Learn how to use a Microsoft 365 setting that lets you determine whether to work in an online or desktop environment for each file.
By default, Microsoft 365 saves a file in the environment you used to open it and opens the file in the environment you last saved it. It doesn’t take much switching back and forth to find yourself in Word for the web, when you thought you were working in the desktop app. If you prefer to work with desktop apps, even when working from your online Office account or Edge’s new Office 365 dashboard, you can force the issue with a simple setting.
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In this tutorial, I’ll show you how to determine which environment you’re in at any given time. Then, I’ll present a quick way to force Office 365 to always open a file in the desktop environment, regardless of where you open it or save it.
I’m using Office 365 on a Windows 10 64-bit system. I’m using Word, but this behavior also applies to Microsoft Excel and Microsoft PowerPoint.
How to determine which environment you’re in with Microsoft 365
If you open a file while working online, you might find it difficult to tell whether you’re working online or in a desktop app; fortunately, it’s quite easy to discover which environment is active. To do so, click the File tab and then click Info. The document shown in Figure A is open in Word for the web. If you click Open in Desktop App, Word will switch to the desktop version.
How to manually choose an environment in Microsoft 365
The online apps are convenient. You can open a file quickly, make changes and save those changes in SharePoint or OneDrive automatically. Despite the convenience, if you need to use the desktop app, you can choose that environment from the online environment as follows.
- Sign into your Office account as you normally would.
- Select the file you want to open in Word, but don’t double-click it to open it.
- With the file selected, choose one of the options shown in the Open dropdown (Figure B).
You must be working with a system that has Microsoft 365 installed to choose that option. Use this option when you’re unsure of the file’s default environment setting.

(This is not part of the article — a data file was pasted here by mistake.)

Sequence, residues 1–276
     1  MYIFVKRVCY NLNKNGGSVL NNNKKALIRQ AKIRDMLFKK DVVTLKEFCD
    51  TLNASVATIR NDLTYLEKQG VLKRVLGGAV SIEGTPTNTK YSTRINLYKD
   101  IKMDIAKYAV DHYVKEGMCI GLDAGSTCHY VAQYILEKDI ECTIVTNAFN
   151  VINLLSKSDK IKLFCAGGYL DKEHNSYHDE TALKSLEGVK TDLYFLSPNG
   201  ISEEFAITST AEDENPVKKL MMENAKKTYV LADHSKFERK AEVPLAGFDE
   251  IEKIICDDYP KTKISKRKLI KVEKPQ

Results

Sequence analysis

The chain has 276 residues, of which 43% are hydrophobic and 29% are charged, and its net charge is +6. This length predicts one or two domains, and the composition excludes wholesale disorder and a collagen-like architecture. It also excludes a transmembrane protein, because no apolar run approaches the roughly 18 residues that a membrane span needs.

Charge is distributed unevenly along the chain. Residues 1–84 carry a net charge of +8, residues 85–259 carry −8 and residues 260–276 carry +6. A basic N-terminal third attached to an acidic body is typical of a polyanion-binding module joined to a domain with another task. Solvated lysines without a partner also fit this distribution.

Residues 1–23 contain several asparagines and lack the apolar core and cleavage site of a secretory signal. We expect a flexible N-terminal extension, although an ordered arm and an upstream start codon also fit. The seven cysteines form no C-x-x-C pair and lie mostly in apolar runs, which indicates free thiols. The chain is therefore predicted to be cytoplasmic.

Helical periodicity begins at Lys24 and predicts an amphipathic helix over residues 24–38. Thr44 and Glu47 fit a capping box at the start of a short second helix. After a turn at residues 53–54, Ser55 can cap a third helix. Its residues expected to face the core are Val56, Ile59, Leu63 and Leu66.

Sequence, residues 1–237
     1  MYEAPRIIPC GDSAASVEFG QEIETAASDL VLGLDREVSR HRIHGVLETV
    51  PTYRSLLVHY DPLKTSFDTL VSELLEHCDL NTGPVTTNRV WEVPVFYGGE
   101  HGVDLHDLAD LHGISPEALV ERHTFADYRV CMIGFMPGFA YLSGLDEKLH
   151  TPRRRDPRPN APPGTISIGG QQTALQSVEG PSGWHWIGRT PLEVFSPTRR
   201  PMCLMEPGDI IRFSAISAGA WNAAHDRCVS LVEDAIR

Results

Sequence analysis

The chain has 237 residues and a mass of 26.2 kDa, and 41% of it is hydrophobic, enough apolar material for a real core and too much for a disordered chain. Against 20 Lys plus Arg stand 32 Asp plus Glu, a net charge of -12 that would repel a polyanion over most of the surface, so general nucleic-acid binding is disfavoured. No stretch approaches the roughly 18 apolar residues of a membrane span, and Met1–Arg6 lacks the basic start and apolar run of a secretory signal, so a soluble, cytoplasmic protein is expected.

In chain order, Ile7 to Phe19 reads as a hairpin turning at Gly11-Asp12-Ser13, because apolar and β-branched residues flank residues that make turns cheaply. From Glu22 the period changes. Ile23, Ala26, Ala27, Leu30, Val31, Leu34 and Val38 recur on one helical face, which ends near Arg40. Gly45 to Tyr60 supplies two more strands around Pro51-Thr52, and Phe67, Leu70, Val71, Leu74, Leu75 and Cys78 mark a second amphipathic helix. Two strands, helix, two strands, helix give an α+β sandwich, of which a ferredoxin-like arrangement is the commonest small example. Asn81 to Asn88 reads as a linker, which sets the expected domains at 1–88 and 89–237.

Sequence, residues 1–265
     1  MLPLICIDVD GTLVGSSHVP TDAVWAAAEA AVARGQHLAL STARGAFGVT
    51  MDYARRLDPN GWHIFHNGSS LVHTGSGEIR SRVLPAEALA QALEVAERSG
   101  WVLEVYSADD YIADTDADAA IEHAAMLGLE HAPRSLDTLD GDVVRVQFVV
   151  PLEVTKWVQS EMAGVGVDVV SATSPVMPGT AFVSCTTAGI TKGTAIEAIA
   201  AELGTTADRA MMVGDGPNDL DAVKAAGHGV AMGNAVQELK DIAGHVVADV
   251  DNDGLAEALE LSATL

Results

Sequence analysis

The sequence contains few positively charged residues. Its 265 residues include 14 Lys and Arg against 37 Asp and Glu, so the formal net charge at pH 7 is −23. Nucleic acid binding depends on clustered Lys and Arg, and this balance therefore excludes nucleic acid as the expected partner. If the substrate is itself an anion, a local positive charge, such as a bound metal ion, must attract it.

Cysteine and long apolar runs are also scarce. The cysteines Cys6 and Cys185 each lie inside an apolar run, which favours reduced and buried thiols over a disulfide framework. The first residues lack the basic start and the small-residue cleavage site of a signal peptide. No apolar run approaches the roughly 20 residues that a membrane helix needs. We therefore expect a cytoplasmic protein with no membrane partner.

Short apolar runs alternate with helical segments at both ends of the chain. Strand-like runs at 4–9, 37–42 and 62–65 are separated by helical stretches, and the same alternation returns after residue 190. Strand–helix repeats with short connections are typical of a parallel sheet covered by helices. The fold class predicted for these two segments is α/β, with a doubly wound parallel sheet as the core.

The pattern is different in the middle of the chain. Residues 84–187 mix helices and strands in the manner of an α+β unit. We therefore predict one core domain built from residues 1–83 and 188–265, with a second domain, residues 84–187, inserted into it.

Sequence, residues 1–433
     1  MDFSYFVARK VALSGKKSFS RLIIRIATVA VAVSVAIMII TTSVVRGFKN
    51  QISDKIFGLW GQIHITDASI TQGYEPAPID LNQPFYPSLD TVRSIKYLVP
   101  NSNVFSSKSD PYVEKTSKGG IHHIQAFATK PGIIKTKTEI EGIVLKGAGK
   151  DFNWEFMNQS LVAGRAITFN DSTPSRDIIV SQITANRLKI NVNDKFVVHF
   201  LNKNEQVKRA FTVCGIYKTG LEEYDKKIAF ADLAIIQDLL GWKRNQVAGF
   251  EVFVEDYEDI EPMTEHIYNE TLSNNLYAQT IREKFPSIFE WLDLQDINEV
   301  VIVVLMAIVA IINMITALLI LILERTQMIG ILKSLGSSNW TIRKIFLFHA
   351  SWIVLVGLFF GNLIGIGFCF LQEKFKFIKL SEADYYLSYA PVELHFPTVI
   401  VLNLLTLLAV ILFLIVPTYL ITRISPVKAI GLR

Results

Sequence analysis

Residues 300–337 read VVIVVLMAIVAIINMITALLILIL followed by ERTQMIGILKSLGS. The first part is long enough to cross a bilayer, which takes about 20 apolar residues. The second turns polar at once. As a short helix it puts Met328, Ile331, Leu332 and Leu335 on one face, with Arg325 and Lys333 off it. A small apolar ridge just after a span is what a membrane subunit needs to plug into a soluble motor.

How to set an environment in Microsoft 365
Microsoft 365 apps for the web are incredibly convenient, despite their limited functionality. Those limitations are the reason most users prefer to work in the full-featured desktop environment. Thanks to the easy-to-use Office online and Microsoft 365 dashboard in Edge, many of us are now working in one of those environments. That means it’s easy to open a file in the web app, and not even know it until you try to do something that the web app doesn’t support. It’s not a huge deal, but it is frustrating and totally unnecessary.
When you know you want to use a desktop app when working most of the time, you can force the issue with a simple setting. If you open the file online, Microsoft 365 will open it in the desktop by default, so you can skip the manual process without worry.
To set this default setting, follow these steps.
- Open the file in Word desktop.
- Click the File menu.
- Choose Options from the left pane.
- Choose Advanced from the left pane.
- Scroll down to the Link Handling section.
- Check the Open Supported Hyperlinks to Office Files in Office Desktop Apps option (Figure C).
- Click OK to return to the Word document.
Regardless of where you created or saved the file, once you enable this setting, Word will always open the file in the desktop environment if available.
To the best of my knowledge, Microsoft 365 doesn’t offer a setting for always defaulting to Word for the web; however, if you create the file online and never save it to the desktop app, Microsoft 365 will always open the file in Word for the web.
If you can’t make this setting stick, talk to your administrator. If the feature is available to your organization, an administrator can make it available to you.
This is a simple change, but sometimes it’s the little things that frustrate us the most when we’re busy. If you know that you want to use Word desktop most of the time, enable this setting and avoid a bit of unexpected frustration when working online.